Chant du Roi René (Song of King René) is a piece for organ (or harmonium) by Alexandre Guilmant (1837–1911) from his collection of Noels (Op.60). The theme used throughout this piece was alleged to have been written by René (Guilmant's source was Alphonse Pellet, organist at Nîmes Cathedral).
René frequently changed his coat of arms, which represented his numerous and fluctuating claims to titles, both actual and nominal.
The Coat of arms of René in 1420; Composing the arms of the House of Valois-Anjou (top left and bottom right), Duchy of Bar (top right and bottom left), and of the Duchy of Lorraine (superimposed shield). In 1434 were added Hungary, Kingdom of Naples and Jerusalem. The arms of the Crown of Aragon were shown from 1443 to 1470. In 1453 the arms of Lorraine were removed and in 1470 Valois-Anjou were substituted for the modern arms of the duchy (superimposed shield). 
|Ancestors of René of Anjou|
- A letter from the Neapolitan humanist Pietro Summonte to Marcantonio Michiel, of 20 March 1524, reporting on the state of art in Naples, and works there by Netherlandish painters, states that "King René was also a skilled painter and was very keen on the study of the discipline, but according to the style of Flanders". The letter was published by Niccolini in 1925 and translated by Richardson & al. in 2007.
- As, for instance, by the 11th edition of the Encyclopædia Britannica.
- EB (1911).
- EB (1878).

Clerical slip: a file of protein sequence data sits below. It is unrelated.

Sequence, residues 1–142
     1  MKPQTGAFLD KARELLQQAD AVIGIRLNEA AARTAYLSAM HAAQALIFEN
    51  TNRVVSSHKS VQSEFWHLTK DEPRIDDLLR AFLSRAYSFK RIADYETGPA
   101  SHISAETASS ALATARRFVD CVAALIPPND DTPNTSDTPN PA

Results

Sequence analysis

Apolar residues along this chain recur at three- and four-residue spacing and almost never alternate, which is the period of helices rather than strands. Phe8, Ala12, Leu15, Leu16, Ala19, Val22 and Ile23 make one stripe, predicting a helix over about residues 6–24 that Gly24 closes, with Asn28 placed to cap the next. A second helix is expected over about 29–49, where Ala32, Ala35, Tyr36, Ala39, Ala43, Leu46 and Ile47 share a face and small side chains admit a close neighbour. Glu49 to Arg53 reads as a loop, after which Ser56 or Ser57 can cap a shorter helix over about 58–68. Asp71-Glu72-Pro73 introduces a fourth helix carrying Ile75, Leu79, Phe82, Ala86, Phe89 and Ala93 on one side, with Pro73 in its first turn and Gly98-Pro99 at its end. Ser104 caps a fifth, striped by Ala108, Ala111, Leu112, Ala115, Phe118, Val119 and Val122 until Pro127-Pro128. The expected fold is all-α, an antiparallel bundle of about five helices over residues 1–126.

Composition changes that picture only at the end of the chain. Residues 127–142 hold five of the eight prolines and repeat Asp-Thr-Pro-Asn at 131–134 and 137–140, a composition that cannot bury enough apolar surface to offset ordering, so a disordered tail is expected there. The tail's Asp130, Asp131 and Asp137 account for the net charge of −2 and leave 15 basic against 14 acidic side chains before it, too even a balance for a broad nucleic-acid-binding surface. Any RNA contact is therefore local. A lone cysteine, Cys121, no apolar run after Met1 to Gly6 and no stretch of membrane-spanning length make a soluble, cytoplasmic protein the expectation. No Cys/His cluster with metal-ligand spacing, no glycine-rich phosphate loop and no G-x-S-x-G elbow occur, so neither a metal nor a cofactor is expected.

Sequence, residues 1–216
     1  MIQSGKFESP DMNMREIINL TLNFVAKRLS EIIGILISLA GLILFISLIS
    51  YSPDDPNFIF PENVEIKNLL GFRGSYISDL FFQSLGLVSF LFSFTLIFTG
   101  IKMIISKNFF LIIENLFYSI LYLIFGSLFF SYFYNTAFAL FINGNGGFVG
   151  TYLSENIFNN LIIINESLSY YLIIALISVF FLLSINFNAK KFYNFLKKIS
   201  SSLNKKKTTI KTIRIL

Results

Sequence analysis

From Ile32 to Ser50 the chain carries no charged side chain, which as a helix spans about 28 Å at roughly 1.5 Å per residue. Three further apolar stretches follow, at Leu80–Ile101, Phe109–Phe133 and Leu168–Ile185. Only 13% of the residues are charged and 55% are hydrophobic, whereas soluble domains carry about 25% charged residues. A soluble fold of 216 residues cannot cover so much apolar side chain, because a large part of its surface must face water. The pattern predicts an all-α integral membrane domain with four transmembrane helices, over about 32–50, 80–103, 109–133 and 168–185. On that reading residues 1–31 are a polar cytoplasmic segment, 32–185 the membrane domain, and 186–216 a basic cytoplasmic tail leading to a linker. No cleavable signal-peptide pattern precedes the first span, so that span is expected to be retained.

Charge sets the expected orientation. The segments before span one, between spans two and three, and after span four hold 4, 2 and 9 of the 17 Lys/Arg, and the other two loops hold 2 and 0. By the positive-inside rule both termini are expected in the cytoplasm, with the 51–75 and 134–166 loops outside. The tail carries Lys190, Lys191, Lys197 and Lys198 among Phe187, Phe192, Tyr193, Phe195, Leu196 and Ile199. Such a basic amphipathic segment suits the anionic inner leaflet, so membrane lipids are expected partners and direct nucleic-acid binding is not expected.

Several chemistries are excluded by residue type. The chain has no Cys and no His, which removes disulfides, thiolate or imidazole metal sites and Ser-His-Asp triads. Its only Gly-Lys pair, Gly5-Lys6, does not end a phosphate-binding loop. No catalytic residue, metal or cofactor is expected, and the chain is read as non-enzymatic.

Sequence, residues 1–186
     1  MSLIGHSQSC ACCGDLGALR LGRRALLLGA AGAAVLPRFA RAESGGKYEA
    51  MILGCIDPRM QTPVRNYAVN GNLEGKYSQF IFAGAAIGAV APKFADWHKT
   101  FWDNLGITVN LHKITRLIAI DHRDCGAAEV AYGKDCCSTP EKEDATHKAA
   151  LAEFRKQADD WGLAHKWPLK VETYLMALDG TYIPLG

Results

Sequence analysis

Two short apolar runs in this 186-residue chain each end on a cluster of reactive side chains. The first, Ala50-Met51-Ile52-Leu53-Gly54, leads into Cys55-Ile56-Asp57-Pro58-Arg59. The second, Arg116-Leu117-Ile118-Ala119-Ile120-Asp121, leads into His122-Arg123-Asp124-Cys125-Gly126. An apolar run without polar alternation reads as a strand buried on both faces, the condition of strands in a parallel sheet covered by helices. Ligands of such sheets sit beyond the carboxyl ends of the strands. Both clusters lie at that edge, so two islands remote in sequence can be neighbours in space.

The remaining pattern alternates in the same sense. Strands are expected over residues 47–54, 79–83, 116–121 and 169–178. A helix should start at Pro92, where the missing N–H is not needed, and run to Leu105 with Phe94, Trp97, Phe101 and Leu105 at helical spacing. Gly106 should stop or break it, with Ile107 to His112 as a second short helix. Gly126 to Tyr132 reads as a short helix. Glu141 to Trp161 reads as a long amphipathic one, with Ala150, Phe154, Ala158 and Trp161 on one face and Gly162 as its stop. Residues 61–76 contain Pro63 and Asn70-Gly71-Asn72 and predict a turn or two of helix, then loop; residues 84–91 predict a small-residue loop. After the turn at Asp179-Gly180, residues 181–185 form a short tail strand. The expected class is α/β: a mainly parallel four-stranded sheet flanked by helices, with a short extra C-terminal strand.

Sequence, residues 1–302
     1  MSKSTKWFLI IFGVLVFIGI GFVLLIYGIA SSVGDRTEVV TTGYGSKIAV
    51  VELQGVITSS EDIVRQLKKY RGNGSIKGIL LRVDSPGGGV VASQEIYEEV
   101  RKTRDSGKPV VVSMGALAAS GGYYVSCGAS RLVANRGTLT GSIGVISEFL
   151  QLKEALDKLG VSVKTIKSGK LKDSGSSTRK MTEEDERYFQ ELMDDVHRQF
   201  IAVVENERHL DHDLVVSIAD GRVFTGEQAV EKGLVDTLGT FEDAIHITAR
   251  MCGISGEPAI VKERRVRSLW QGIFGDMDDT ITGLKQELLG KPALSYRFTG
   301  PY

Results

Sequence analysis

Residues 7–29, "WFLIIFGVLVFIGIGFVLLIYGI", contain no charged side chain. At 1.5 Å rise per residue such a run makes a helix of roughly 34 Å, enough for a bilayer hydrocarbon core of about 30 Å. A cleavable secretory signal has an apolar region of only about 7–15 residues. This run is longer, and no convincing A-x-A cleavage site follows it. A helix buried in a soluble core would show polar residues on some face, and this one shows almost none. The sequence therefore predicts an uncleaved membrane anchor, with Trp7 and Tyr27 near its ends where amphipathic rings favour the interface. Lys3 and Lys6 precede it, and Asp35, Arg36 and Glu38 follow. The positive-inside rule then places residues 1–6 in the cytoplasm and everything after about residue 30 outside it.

- John E. Morby, "The Sobriquets of Medieval European Princes", Canadian Journal of History, 13:1 (1978), p. 12.
- Niccolini, Fausto (1925), L'arte napoletana del Rinascimento, Naples, pp. 161–63.
- Richardson, Carol M.; Woods, Kim; Franklin, Michael W. (2007), Renaissance Art Reconsidered: An Anthology of Primary Sources, pp. 193–96.
- BN MS Fr 2695.
- (FR)René Belleval, Les bâtards de la Maison de France, (Librairie Historique et Militaire, 1901), 103.
- (FR)René Belleval, Les bâtards de la Maison de France, 104.
- (FR)René Belleval, Les bâtards de la Maison de France, 104.
- Tate Gallery Website
- Ottfried Neubecker, Roger Harmingues, Le Grand livre de l'héraldique, ISBN 2-04-012582-5
- Noël Coulet, Alice Planche, and Françoise Robin, Le roi René: le prince, le mécène, l'écrivain, le mythe, Aix-en-Provence, Édisud, 1982
- Susan Wharton, Le livre du cuer d'amours espris, Paris: Union Générale d'Éditions, 1980.
- "René, Duke of Anjou", Encyclopædia Britannica, 9th ed., Vol. II, New York: Charles Scribner's Sons, 1878, pp. 58–59.
- "René I.", Encyclopædia Britannica, 11th ed., Vol. XXIII, Cambridge: Cambridge University Press, 1911, pp. 97–98.
|Wikimedia Commons has media related to Traicte de la Forme de Devis d'un Tournoi.|
|Wikimedia Commons has media related to René I of Naples.|
- Website about Rene I of Naples
- King René's Tournament Book
- BnF 27 images Add "Français 2695" to left "Cote" box, click "Chercher" and "Images"
- online translation of text
René of AnjouBorn: 19 January 1409 Died: 10 August 1480
|Duke of Bar
With: Louis I (1420s – 1430)
|Duke of Lorraine
|Duke of Anjou
Count of Provence
|King of Naples